August 22, 2002
Refusal by sample units and failure to contact sample units can both contribute to survey non-response bias. However, the nature of the contribution can be rather different in the two cases. Extended field efforts may reduce either or both components of non-response bias. In this article we examine data from a number of UK surveys on extended field efforts and the impact that they appear to have upon non-response bias and its components. Some consistent patterns are found. We also explore the sensitivity of such analyses to the operational definition of extended efforts. The findings provide some evidence of the relative roles of refusal conversion and repeated contact attempts in reducing non-response bias. The study also has implications for the development of appropriate field strategies to combat non-response bias.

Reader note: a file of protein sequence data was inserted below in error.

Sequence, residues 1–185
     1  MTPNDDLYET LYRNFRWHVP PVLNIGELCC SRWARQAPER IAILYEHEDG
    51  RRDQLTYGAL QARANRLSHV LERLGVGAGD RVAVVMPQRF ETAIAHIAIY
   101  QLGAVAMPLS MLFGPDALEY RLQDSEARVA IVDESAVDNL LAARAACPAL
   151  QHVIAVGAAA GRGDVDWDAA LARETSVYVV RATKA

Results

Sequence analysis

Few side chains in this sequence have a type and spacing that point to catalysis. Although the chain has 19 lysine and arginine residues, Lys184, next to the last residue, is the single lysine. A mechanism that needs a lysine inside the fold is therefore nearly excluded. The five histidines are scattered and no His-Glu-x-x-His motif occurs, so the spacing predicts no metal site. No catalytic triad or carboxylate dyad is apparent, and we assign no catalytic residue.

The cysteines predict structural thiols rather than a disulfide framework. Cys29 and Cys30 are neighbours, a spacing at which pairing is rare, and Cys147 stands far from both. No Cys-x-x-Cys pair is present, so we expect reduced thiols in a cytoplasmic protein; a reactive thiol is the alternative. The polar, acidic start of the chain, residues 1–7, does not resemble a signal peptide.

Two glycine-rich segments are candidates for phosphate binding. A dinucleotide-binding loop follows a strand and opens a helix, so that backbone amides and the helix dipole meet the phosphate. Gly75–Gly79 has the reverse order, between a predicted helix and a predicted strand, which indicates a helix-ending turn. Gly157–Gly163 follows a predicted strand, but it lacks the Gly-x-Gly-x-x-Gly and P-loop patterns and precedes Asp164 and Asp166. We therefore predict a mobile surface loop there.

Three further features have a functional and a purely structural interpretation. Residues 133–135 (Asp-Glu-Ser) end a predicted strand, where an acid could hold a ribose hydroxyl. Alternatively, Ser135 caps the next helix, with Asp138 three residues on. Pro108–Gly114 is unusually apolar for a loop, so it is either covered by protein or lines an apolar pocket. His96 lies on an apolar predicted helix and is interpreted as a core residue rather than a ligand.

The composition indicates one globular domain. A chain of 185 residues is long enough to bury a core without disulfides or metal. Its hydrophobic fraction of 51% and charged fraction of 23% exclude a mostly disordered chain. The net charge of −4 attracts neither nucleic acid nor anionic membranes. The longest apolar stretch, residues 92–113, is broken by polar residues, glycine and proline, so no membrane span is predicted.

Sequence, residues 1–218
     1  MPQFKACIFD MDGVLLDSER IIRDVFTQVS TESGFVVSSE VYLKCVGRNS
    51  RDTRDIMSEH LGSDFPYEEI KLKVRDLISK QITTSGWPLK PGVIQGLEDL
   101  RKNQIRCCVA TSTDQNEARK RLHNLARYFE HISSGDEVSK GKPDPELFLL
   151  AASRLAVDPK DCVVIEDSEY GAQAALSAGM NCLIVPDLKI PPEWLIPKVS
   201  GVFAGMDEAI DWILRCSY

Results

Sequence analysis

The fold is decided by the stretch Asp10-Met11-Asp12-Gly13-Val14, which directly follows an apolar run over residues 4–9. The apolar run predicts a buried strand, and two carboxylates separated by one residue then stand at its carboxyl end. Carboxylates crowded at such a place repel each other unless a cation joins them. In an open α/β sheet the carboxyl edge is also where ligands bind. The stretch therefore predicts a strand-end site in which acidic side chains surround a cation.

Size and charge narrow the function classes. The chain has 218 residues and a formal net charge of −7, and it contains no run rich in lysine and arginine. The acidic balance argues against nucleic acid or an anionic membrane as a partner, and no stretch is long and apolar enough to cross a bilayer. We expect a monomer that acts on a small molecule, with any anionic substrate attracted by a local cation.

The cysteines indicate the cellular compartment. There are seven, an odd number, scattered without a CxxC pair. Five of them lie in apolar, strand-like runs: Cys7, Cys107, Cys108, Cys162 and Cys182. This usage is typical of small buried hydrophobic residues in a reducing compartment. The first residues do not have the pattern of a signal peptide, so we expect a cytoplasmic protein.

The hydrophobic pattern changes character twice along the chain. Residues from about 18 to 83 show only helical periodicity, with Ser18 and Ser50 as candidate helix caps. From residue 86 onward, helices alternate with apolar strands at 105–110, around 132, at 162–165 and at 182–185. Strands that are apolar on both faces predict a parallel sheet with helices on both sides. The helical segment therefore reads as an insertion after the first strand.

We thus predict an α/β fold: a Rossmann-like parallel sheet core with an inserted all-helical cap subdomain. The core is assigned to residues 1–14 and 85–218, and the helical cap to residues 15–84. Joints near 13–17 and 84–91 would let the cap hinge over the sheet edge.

Journal of the Royal Statistical Society Series D (The Statistician)
Volume and page numbers
Volume: 51 , p.319 -333
Held online ASL - http://serlib0.essex.ac.uk/record=b1465830~S5
Separating refusal bias and non-contact bias: evidence from UK national surveysPeter Lynn, Paul S. Clarke,
ISER Working Paper Series - 20011101